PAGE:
CENTRAL MANITOULIN—With the upcoming Manitoulin Island municipal elections taking place October 24, The Expositor will be profiling the candidates for mayor/reeve and councillor positions in all those municipalities that elections will take place.
This week we are profiling candidates in the municipality of Central Manitoulin. Elections will take place for the position of mayor, with the candidates being Richard Stephens, Steven Shaffer and Maja Mielonen. There are three people vying for two council seats from Ward 3 (Sandfield). They include Rosemarie Diebolt, Linda Farquhar and Lois Middaugh Keller.
For Ward 1, Campbell, Brian Mitchell and Derek Stephens and Ward 2, Carnarvon, John Bisaillon and Dale Scott have been acclaimed.
The candidates for mayor and council follow alphabetically below.
Candidates for Mayor
Maja Mielonen is proud of her past accomplishments, but stresses that she is grateful to the community for the support she has received both for her social endeavours aimed at improving her community and for the business she has successfully run in Mindemoya for the past 12 years—much of it as a single mother.
“I am running for mayor because I have been working for the betterment of our community for years,” she said. “I love my community and I want to give back.”
A meticulous planner, Ms. Mielonen has attended every committee and council meeting for several months in order to better understand the work of council and the issues that it deals with.
“I have come to realize that council and administration are not always aligned with what people want,” she said. “I intend to bring a lot of transparency and honesty, and especially, a lot of listening to the interests of all of our communities, not just Mindemoya.”
Ms. Mielonen cites a three-facet approach to community interests—”honouring the past, the present and the future.”
Among the key issues that are facing the community in the present and future is the question of waste. Ms. Mielonen said she was intrigued by a recent project aimed at alleviating Island communities’ waste issues but adds a caveat. “I know very little about the plan,” she said, “most of the discussions with Gagnon (Gagnon Renewable Resources Inc., the proponents of a waste to energy plant proposed to be based in Central Manitoulin) have been held in camera. I do know there is a plan to offer them a lease with option to purchase land near the current abattoir.”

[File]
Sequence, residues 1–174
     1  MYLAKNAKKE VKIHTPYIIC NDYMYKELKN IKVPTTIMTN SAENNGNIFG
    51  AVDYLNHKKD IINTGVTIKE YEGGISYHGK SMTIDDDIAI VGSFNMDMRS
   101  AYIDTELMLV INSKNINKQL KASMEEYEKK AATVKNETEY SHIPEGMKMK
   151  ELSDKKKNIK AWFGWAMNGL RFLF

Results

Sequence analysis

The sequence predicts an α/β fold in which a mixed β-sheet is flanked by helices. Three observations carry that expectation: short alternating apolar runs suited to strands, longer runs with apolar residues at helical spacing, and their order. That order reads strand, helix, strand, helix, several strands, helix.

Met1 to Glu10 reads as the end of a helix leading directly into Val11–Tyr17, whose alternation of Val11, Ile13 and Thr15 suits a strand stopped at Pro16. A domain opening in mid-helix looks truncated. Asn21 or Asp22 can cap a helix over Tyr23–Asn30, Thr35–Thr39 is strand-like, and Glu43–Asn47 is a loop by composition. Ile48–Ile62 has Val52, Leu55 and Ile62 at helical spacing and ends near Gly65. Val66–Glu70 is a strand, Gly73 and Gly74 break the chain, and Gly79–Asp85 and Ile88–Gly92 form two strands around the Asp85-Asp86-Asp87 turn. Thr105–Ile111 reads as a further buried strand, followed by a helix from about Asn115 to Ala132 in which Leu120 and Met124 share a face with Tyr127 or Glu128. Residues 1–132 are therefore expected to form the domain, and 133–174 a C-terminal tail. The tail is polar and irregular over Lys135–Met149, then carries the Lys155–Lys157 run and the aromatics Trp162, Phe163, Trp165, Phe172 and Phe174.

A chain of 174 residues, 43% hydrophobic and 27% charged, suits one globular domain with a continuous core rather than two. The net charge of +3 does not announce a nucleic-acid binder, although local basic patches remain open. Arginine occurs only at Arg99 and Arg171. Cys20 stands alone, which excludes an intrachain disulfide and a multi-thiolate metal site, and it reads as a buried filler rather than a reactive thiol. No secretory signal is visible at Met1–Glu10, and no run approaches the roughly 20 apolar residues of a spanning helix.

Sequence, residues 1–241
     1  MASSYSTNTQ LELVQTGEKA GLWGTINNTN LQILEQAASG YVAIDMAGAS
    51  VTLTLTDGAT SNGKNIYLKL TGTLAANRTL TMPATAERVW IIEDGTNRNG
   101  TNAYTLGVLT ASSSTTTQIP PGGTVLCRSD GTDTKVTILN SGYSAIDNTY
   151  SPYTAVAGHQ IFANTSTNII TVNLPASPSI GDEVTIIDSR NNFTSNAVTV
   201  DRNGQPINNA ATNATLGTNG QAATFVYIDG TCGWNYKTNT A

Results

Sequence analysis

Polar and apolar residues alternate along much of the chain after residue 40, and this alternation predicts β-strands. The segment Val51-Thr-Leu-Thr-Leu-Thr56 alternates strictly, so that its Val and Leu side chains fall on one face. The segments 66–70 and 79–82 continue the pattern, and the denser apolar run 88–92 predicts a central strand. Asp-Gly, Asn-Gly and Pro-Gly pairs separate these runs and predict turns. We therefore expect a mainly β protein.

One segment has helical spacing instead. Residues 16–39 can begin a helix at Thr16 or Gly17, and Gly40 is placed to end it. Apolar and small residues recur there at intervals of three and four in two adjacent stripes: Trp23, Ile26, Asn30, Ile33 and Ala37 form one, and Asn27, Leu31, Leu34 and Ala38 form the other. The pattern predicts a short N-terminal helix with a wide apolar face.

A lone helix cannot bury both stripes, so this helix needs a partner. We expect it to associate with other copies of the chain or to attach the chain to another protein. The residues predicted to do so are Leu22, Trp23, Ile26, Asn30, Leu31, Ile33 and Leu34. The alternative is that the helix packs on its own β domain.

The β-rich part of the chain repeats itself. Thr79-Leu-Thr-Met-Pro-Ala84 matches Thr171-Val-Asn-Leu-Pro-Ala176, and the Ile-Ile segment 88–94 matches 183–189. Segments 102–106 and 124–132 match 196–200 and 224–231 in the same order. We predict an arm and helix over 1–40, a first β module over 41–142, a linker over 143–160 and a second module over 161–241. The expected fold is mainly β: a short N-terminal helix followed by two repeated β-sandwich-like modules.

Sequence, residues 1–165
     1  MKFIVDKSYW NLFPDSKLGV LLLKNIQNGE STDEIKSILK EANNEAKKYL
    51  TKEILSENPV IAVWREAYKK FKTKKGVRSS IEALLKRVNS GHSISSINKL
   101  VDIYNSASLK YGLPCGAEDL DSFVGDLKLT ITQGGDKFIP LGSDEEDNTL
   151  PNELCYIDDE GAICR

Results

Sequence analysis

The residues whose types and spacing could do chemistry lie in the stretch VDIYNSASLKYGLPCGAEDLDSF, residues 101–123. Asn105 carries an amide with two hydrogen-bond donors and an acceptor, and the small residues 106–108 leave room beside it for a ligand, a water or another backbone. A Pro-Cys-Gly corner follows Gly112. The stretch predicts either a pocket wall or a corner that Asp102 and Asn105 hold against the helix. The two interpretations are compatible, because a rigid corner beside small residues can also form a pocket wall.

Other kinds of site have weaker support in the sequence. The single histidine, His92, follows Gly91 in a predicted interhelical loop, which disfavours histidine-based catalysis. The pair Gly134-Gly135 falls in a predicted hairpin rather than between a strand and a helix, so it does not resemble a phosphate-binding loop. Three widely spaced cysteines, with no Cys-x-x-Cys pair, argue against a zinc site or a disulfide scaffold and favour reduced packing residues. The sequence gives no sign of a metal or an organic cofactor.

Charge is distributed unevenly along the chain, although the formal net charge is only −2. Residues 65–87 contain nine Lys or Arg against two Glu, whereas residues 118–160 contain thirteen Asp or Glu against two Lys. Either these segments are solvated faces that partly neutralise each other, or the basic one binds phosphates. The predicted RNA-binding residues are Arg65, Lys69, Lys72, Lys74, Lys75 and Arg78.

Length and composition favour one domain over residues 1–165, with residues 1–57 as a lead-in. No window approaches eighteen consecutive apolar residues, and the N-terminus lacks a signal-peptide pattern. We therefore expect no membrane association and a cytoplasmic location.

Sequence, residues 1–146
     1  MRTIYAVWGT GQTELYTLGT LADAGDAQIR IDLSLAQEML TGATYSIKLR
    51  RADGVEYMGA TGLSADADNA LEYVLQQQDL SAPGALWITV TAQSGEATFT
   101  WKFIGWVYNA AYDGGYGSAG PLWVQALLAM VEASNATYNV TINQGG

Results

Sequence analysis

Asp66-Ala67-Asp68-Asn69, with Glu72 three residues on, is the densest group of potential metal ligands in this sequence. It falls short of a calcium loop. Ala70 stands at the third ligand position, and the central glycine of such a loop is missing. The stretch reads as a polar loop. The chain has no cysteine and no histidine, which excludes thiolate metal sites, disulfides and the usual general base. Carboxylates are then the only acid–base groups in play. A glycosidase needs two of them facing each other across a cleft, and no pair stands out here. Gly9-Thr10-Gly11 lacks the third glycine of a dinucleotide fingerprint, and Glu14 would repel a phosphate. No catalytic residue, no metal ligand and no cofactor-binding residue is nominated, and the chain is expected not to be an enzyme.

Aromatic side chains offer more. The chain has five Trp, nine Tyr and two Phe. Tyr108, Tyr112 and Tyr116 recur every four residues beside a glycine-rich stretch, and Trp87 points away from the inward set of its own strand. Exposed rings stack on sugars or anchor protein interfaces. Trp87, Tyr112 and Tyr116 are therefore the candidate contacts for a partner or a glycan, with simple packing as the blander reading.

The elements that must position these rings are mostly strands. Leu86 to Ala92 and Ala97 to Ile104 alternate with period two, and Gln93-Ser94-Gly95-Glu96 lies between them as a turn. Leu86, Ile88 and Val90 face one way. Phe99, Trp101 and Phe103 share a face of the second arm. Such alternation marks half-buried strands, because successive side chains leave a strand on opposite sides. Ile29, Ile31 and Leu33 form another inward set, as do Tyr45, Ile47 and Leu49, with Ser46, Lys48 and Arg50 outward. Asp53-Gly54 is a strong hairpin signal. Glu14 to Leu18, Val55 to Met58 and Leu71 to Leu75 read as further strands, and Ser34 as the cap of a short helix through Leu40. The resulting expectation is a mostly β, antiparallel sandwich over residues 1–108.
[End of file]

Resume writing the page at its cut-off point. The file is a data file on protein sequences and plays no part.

Ms. Mielonen said she believes it is important that Central Manitoulin look to the future through a lens of sustainability and innovation. She notes that council has been aware of the issues surrounding the community’s landfill site for 20 years. “We must acknowledge the present,” she said. “Something needs to be done.”
Ms. Mielonen noted that Central Manitoulin has been very successful in attracting seniors to settle in the community through establishing and expanding opportunities. “We need to do more to create the ability for those seniors to stay in the community, instead of having to go to Little Current or Gore Bay,” she said, adding that more needs to be done to improve opportunities for youth.
Ms. Mielonen noted that European communities have enjoyed considerable success with models pairing seniors and senior care with youth and childcare. “Seniors and the young are a good match,” she said. “The old have patience and the young need guidance.”
Other key challenges include the need for affordable housing, an issue that Central Manitoulin shares with communities across the province, she notes. “Job retention and affordable entry-level housing are very important. Job opportunities are here,” she continued, “but here needs to be a place for people to stay in order to take advantage of those opportunities.”
“I really admire the people who stood up for the Mindemoya Old School,” she said, “honouring our history, celebrating and being proud of what our history is.” Ms. Mielonen noted the current plans for repurposing of the Mindemoya Old School. “I think the Old School will be a revolving door of opportunities for seniors.”
“We need to embrace the future with a clear vision and a clear plan for our asset management,” she said. “All communities are mandated by the province to have an asset management plan in place; the last time Central Manitoulin created one was a while back.”
Ms. Mielonen said that council’s decision to pour vast sums of money into assets such as the arena in Mindemoya was not the way to go. “That arena was red-flagged years ago as something that needs to be replaced,” she said. “We need to have a vision and strategic plan where people are able articulate what they want.”
She pointed to the need for more recreational assets along the community’s waterfronts, both for residents and visitors.
As for the assets she would bring to the head of the council table, Ms. Mielonen pointed to her experience and many successes in lobbying different levels of government, noting that she has a great rapport with the Ministry of Transportation through her work on creating 1,500 kilometres of cycling trails across the North, paved shoulders on Highways 550 and 551 (“we are working on Highway 552 which remains in terrible shape.”).